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6.10.2020 11.31 Vierashuoneessa apulaisprofessori Stefan Kirchner: Ensuring Human Safety as a Universal Duty of the State after Kotilainen and others v. Finland

Vierashuoneessa apulaisprofessori Stefan Kirchner: Ensuring Human Safety as a Universal Duty of the State after Kotilainen and others v. Finland

In its judgment of 17 September 2020 in the case of Kotilainen and others v. Finland, the European Court of Human Rights (ECtHR) found that Finland had violated the right to life under Article 2 of the European Convention on Human Rights (ECHR) by failing to take more action to prevent a mass murder. The judgment in hardly brings new obligations but serves as a reminder that human rights are to be realized first and foremost on the local level, something requiring an active state. Taking positive measures to protect human life against threats of a specific or general nature is the duty of the state and all its organs on the national, regional and local levels. None of these findings should be surprising as they are entirely consistent with the earlier case law of the European Court of Human Rights.

In its judgment of 17 September 2020 in the case of Kotilainen and others v. Finland [1] , the European Court of Human Rights (ECtHR) found that Finland had violated the right to life under Article 2 of the European Convention on Human Rights (ECHR) [2] by failing to take more action to prevent a mass murder. The judgment came almost exactly 12 years to the day after the crimes which triggered it, the murder of nine students and one teacher, followed by the perpetrator’s suicide, in a school in Kauhajoki. The 2008 school shooting came less than a year after a similar attack in Jokela. In the 23 September 2008 attack, many more students were injured and the overwhelming majority of victims were women in the 20s. The perpetrator had obtained a gun license only on 7 August 2008 [3] . On 19 September 2008, it was found out that the perpetrator had uploaded videos related to the use of firearms, war and the Columbine High School school massacre [4] , the Detective Chief Inspector learned about this on 20 September 2008 [5] and investigated the issue further on Monday, 22 September 2008 [6] . The later perpetrator was interviewed by the police for 15 minutes on the same day [7] , which would turn out to be the day before the murders. He was only given a verbal warning [8] and was allowed to retain his gun license [9] . At stake in the case before the European Court of Human Rights was the question whether the failure of the police to prevent the murders, despite ample warning signals, amounted to a violation of the right to life under Article 2 ECHR.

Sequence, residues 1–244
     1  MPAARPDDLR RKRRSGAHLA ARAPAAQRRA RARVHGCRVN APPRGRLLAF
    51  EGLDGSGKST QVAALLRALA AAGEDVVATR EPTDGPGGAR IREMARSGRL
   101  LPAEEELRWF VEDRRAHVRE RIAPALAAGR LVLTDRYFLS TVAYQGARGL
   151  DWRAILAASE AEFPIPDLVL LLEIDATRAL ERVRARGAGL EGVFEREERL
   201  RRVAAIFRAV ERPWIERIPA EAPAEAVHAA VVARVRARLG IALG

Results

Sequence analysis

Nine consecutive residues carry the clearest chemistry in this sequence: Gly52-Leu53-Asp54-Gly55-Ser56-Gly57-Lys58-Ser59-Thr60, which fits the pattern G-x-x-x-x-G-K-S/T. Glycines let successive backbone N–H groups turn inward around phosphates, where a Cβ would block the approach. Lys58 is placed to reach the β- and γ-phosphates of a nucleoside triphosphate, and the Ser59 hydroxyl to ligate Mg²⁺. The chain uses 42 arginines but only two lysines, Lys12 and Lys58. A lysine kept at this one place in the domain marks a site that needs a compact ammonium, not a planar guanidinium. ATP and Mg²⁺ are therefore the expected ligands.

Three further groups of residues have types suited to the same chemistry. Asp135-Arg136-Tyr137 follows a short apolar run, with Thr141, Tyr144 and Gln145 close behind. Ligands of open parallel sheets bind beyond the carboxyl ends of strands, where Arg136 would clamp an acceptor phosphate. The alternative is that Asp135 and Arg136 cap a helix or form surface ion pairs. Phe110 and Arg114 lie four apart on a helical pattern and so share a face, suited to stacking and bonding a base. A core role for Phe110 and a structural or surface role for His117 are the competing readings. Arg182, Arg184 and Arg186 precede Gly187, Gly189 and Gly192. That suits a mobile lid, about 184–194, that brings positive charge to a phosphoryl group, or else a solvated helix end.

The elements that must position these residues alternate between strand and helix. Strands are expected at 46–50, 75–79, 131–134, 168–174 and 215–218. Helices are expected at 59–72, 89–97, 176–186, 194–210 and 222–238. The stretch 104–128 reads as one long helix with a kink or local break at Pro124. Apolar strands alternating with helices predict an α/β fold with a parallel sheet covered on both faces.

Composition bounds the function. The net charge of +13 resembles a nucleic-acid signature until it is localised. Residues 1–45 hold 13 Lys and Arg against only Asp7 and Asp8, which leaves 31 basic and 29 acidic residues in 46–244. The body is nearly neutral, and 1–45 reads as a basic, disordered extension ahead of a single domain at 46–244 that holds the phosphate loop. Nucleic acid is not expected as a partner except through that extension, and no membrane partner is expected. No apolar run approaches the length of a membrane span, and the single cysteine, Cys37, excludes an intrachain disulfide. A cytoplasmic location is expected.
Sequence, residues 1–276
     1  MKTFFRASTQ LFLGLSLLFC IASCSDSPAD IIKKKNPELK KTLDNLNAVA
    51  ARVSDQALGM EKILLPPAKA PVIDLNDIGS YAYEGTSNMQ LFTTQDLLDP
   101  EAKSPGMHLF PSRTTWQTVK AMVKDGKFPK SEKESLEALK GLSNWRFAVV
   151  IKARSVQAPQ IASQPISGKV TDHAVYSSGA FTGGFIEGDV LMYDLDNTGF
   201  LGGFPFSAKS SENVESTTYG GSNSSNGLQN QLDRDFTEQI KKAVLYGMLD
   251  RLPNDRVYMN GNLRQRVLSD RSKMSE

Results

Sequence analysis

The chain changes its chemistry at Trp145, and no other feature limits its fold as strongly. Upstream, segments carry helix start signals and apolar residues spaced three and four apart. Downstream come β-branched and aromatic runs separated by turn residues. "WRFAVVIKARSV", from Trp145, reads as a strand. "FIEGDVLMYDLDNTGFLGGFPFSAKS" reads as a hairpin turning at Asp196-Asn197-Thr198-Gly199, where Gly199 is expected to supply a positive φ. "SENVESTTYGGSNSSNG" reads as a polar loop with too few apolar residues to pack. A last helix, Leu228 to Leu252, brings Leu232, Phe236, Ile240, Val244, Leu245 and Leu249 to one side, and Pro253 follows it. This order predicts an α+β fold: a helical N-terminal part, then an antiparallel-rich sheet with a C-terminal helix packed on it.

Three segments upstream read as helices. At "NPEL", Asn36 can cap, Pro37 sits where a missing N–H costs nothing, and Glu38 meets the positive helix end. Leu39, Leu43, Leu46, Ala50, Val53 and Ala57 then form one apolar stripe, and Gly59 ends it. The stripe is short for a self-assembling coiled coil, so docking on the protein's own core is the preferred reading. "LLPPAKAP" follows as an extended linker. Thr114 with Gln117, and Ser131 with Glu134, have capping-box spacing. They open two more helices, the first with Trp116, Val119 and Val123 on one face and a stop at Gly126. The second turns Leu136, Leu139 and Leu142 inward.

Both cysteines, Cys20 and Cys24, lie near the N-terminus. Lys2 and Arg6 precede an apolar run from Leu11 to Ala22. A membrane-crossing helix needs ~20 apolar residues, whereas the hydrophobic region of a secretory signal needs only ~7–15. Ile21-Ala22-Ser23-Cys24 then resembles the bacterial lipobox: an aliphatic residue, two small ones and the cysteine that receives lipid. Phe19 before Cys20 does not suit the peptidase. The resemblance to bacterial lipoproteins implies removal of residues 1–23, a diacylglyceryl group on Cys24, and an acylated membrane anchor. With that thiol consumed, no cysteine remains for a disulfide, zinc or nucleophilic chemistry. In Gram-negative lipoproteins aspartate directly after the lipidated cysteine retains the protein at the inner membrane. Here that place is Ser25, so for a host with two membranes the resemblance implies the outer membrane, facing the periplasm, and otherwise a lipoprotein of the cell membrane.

Under general rules of international law, a state is responsible for all of its organs [10] . Hence the state would also be responsible under the ECHR for the conduct of individual police officers. The duty of the state under the ECHR is not restricted to the negative dimension of human rights, the obligation to refrain from directly causing harm. In addition, the state has a positive duty to protect human rights. In the case decided now, the ECtHR found that the police’s failure to prevent the school shooting despite being aware of the red flags concerning the shooter amounted to a violation of Article 2 ECHR.